Those are some of my many thoughts from today. I hope they were at least mildly interesting and/or thought provoking. Any responses welcome.

 

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2 comments

  1. Matthew Walker

    Thanks for sharing this. It has been a while since I have had time to look at the blog world and even longer since I have heard anything from Ellis.

    Those are some good talking points he touched on there. Although, in relation to number 5, the Teacher Guides (TG) that elementary public school teachers use in Korea include lots of activities that are more focused on controlled practice of target language rather than fluency or meaning-based activities. While some of the ‘how to use this book’ type explanations at the front of books talk up the focus on meaning and fluency because that is the trend, if you look through the activities within the lessons, there is a heavier focus on forms than ‘pure’ tasks. But that is a TG, not necessarily an intro to teaching type of book. It is up to teachers and trainers to understand the TG rather than assume the marketing at the front of a book is actually what fills the pages. And certainly it is up to the trainers to make it clear that less invasive feedback strategies or less forms-focused lessons are important for students. But prior to these more communicative tasks, teachers should prep students with more controlled practice of target language. While I agree with lots of things that Ellis writes about and says in presentations, blanket statements like 5 and 6 are a bit too strong, but these types of statements and subsequent conversations could be motivational in making sure trainers and publishers do not ignore the forms-focused activities.

  2. mikecorea

    Thanks for stopping by and commenting, Matthew. I enjoyed your comments very much.

    One thing I failed to mention was a question from an audience member related to fitting communicative tasks in to the current Korean situation (related to tests and The Test as you’d expect.) I liked the answer from Ellis, something like, “as teachers we need to compromise and need to face the realities of the situation.” I think he said that meaning focused tasks are helpful for learning communication skills but the focus will need be elsewhere based on the context. I thought that was interesting. I am not sure why I didn’t mention it above.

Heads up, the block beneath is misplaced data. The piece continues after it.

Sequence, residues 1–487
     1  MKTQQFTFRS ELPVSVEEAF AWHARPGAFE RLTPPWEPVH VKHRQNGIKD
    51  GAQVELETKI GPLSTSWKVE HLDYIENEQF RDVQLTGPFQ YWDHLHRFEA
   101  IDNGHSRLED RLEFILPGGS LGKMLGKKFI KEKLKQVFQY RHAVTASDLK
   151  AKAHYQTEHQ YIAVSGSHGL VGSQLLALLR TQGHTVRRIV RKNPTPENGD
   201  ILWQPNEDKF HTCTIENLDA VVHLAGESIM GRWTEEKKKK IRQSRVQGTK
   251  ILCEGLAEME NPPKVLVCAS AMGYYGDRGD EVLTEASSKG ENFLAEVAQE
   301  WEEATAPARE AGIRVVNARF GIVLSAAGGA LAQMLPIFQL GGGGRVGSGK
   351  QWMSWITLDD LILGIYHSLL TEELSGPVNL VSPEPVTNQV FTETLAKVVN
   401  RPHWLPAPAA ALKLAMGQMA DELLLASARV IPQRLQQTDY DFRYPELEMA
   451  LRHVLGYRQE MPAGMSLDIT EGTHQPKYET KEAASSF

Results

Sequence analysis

Thanks for the talk of the Teacher Guides in Korea. I was worried for a moment that my use of guides to teaching was misleading. He was surely talking about books like Harmer’s “How to Teach English.” In any case, I think your mention of TGs in Korea is very interesting and useful and helpful. You wrote, “Some of the ‘how to use this book’ type explanations at the front of books talk up the focus on meaning and fluency because that is the trend, if you look through the activities within the lessons, there is a heavier focus on forms than ‘pure’ tasks.” I think your use of the word, “trend” here is key and apt. I think it is a nice example of teachers being pushed and pulled in various directions.

    Lots of good points, Matthew! I also like your point that it is up to the teacher “to understand the TG rather than assume the marketing at the front of a book is actually what fills the pages.” Yes!

    Finally, you wrote,

    “It is up to the trainers to make it clear that less invasive feedback strategies or less forms-focused lessons are important for students”
    and
    “prior to these more communicative tasks, teachers should prep students with more controlled practice of target language”
    These are beliefs but not facts, right?

    Thanks again for the insightful comments. I think this is the type of useful conversation you talk about!